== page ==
I personally don’t see the issue with one parent company owning Fox News and CNN both. Yeah, they compete. But they’re hardly the only players in the cable news market. Okay, MSNBC might be laughable, but they are a competitor. So is C-SPAN, for that matter. And Bloomberg News. And CNBC. And Fox Business. And on and on. And there are plenty of media companies out there with the financial resources to make a new entry into the cable news market if they so choose. It’s not like Fox News and CNN being both owned by Murdoch would create barriers to entry that don’t already exist today.

But, like everything else, anti-trust laws have been expanded to the point of ridiculousness. Gone are the days when they applied to companies like AT&T which were a legitimate monopoly in the sense that they were quite literally the only telephone company and it was impossible for any competitor to enter the market. Now we apply anti-trust laws to any corporations the federal government thinks are just too darn big, and it all becomes about picking winners and losers.

Shump on July 16, 2014 at 10:27 AM

Make perfect sense – content and distribution are becoming linked as never before – Murdock knows that.

Smart move.

jake-the-goose on July 16, 2014 at 10:34 AM

Wow. This would probably give Ted Turner a heart attack if a deal went through.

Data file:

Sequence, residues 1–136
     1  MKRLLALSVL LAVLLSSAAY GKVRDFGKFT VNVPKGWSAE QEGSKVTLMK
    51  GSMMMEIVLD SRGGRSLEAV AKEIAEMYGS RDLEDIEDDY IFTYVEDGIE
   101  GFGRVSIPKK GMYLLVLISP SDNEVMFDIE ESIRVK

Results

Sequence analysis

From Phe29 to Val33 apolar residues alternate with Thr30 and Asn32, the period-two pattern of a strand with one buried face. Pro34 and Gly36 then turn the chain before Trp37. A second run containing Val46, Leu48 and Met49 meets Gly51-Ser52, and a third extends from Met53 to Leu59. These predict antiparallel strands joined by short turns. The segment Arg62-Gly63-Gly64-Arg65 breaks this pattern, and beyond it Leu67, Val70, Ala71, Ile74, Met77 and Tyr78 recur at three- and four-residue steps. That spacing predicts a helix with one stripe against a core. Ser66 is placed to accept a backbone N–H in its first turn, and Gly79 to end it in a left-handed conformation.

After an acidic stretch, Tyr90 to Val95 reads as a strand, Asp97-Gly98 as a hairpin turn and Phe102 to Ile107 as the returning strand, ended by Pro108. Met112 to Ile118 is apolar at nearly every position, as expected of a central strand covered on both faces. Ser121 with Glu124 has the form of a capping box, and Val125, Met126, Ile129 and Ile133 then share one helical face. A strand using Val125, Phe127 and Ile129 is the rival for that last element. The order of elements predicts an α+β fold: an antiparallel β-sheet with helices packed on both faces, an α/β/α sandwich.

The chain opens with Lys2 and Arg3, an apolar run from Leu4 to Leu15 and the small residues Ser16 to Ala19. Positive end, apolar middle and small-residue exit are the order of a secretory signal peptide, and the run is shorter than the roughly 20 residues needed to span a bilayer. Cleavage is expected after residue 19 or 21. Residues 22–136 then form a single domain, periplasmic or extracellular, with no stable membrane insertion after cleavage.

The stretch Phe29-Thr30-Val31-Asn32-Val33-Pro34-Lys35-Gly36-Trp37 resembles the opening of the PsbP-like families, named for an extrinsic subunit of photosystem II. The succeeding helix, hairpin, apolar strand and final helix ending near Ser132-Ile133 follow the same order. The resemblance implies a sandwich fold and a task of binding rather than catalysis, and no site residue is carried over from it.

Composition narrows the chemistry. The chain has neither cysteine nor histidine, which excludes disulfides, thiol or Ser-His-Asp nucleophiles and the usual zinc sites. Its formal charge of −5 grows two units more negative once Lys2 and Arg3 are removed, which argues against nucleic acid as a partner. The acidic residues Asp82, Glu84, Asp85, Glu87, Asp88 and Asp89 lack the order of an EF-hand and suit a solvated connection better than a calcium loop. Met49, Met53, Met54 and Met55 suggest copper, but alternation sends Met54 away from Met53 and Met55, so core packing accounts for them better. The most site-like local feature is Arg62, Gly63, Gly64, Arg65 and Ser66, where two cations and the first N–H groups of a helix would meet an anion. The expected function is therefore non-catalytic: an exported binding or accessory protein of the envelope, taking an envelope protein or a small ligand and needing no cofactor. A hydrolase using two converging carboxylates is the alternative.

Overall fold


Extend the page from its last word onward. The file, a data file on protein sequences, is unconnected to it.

Turner and Murdoch have some old, bad blood between them. It all stems from an “accident” in a yacht race. Murdoch’s boat collided with Turner’s, causing Turner’s to sink.

Turner twice challenged Murdoch to a televised fistfight. If the company he helped build into a media powerhouse falls under the control of his longtime nemesis, he’ll go Code Blue.

Conservative Mischief on July 16, 2014 at 10:37 AM

Ted Turner, please pick up the red shareholder courtesy phone… Ted Turner, to the red shareholder courtesy phone, please… Ted Turner…

ExpressoBold on July 16, 2014 at 10:44 AM

Now we apply anti-trust laws to any corporations the federal government thinks are just too darn big, and it all becomes about picking winners and losers.

Shump on July 16, 2014 at 10:27 AM

Excellent point – and one of the biggest problems with the expanding fascism of the federal government…it doesn’t belong picking winners and losers in any industry. (And that is beyond the fact that historically, the government has an annoying habit of picking the losers as winners.)

15 years ago or so, the big news was the government’s anti-trust suit against Microsoft – largely prompted by competitors who were losing the competition in the marketplace and sought the government’s assistance to help them compete without having to innovate or take MS on.